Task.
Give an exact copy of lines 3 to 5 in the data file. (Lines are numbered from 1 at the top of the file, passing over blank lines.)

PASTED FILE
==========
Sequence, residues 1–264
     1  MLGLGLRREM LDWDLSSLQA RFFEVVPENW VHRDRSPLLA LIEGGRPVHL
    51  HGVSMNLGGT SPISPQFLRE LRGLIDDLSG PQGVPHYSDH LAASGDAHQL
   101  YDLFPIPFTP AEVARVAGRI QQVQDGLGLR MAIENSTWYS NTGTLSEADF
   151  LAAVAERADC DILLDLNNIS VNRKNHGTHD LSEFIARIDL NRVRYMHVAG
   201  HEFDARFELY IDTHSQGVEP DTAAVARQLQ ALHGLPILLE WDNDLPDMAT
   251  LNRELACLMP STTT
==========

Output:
    51  HGVSMNLGGT SPISPQFLRE LRGLIDDLSG PQGVPHYSDH LAASGDAHQL
   101  YDLFPIPFTP AEVARVAGRI QQVQDGLGLR MAIENSTWYS NTGTLSEADF
   151  LAAVAERADC DILLDLNNIS VNRKNHGTHD LSEFIARIDL NRVRYMHVAG